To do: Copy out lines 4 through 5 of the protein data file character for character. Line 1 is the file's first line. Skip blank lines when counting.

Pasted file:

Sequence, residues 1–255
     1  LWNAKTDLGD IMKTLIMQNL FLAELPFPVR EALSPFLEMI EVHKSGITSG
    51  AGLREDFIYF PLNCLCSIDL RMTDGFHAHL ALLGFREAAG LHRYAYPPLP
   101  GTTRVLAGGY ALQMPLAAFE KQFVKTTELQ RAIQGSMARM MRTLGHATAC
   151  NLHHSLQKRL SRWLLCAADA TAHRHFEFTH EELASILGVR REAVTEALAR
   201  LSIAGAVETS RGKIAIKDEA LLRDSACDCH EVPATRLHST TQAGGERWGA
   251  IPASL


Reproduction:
   101  GTTRVLAGGY ALQMPLAAFE KQFVKTTELQ RAIQGSMARM MRTLGHATAC
   151  NLHHSLQKRL SRWLLCAADA TAHRHFEFTH EELASILGVR REAVTEALAR